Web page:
RADON GAS AND EFFECTIVE DOSE IN GROUNDWATER IN ABU- JIR VILLAGE IN ANBAR, WESTERN IRAQ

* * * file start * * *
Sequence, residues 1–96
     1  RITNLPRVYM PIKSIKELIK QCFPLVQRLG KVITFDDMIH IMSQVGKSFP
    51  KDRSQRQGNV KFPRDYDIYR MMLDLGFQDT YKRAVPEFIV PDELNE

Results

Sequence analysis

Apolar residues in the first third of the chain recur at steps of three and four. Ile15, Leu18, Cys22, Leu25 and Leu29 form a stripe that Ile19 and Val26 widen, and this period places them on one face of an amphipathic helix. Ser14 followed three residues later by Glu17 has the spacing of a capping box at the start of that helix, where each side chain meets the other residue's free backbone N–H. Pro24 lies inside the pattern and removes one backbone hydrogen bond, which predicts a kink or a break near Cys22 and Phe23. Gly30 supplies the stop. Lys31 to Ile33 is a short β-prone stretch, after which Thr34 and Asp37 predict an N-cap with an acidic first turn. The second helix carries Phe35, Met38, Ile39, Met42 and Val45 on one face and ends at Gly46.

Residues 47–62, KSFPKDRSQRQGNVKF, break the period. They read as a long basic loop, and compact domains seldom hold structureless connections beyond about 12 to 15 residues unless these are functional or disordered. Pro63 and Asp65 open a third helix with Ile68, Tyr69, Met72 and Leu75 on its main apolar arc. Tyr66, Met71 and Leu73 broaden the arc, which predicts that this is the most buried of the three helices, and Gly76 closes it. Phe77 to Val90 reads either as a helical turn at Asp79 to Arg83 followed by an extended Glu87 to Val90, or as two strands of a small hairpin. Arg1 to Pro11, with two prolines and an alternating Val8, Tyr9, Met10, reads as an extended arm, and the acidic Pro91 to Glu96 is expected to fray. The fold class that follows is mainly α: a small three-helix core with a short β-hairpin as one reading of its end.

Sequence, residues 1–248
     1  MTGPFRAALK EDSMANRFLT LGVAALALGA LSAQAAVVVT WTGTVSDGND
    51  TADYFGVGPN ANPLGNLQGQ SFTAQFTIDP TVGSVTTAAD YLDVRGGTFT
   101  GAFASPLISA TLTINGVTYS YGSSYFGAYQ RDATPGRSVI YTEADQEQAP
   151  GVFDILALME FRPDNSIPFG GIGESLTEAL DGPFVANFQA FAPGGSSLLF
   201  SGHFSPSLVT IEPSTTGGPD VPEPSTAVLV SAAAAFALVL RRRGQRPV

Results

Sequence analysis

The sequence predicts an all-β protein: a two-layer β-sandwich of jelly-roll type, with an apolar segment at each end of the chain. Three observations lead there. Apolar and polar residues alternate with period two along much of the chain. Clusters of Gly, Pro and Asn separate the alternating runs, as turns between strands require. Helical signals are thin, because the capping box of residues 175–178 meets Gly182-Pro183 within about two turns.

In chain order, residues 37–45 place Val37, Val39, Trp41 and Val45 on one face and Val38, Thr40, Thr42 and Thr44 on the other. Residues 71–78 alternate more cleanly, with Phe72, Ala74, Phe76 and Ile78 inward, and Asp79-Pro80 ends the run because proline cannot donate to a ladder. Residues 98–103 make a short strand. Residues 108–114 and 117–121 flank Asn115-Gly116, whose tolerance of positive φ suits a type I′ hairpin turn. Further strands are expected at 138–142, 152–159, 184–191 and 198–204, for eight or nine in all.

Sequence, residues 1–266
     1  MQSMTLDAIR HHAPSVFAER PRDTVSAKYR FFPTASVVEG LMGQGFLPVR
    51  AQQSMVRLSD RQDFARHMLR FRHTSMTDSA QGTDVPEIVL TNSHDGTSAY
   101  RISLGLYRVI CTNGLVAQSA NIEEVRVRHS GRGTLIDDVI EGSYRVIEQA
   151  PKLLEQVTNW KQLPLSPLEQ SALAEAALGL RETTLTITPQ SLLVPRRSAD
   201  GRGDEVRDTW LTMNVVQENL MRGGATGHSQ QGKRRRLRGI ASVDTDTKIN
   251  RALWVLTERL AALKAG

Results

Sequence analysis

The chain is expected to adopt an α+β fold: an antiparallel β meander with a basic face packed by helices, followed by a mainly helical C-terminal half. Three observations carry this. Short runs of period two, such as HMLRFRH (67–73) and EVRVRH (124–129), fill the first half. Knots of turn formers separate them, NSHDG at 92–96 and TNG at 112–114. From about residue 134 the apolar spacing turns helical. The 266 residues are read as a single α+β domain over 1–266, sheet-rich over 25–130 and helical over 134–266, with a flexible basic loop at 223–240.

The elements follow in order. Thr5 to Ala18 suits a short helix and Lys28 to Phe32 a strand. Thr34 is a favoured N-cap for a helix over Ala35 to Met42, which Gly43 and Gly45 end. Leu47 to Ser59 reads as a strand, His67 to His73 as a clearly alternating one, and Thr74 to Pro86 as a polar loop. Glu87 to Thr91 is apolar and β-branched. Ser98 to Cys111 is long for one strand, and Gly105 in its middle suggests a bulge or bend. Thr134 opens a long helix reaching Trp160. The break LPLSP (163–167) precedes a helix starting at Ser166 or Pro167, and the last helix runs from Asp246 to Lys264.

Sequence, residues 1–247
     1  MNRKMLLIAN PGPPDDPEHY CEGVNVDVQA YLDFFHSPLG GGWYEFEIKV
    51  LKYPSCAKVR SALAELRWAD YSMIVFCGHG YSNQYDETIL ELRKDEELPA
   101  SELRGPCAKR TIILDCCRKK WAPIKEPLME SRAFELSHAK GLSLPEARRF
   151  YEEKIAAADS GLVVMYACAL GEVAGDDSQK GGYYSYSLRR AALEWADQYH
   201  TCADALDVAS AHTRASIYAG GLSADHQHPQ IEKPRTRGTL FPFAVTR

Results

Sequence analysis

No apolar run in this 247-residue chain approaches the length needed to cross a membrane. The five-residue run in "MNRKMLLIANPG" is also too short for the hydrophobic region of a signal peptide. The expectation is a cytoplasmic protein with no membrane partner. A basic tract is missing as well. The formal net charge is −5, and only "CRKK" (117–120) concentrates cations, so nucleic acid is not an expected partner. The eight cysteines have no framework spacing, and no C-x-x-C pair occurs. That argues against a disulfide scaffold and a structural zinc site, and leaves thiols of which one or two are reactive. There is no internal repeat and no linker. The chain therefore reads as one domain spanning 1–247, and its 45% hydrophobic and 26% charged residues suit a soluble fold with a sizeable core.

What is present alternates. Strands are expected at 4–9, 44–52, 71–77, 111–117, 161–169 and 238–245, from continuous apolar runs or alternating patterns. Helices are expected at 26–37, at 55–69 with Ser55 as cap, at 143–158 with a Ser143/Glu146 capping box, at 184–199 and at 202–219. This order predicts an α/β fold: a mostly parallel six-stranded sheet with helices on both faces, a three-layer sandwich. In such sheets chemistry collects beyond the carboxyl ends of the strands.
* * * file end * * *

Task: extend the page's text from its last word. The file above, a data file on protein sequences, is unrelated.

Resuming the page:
In the present study, radon gas concentration in the shallow groundwater samples of the Abu-Jir region in Anbar governorate was measured by using Rad-7 detector. The highest radon gas level in the samples is up to 9.3 Bq/L, while the lowest level is 2.1 Bq/L, with an average of 6.44±1.8 Bq/L. The annual effective dose is varied from 33.945 μSv/y to 7.66 μSv/y, with an average of 0.145±0.06 μSv/y. Consequently, the radon level in the groundwater studied is lower than the standard recommended value (11 Bq/L) reported by the United States Environmental Protection Agency (USEPA). The potential source of radon is uranium-rich hydrocarbons that are leakage to the surface along the Abu-Jir Fault. This research did not indicate any risk that radon gas concentrations may occur in the groundwater in the study area, and despite this, the research strongly recommends to propose a new Iraqi specification that defines the permissible level of radon gas concentrations in the groundwater and air to avoid harm to human health and will be an Iraqi standard that will be applied for the first time in Iraq.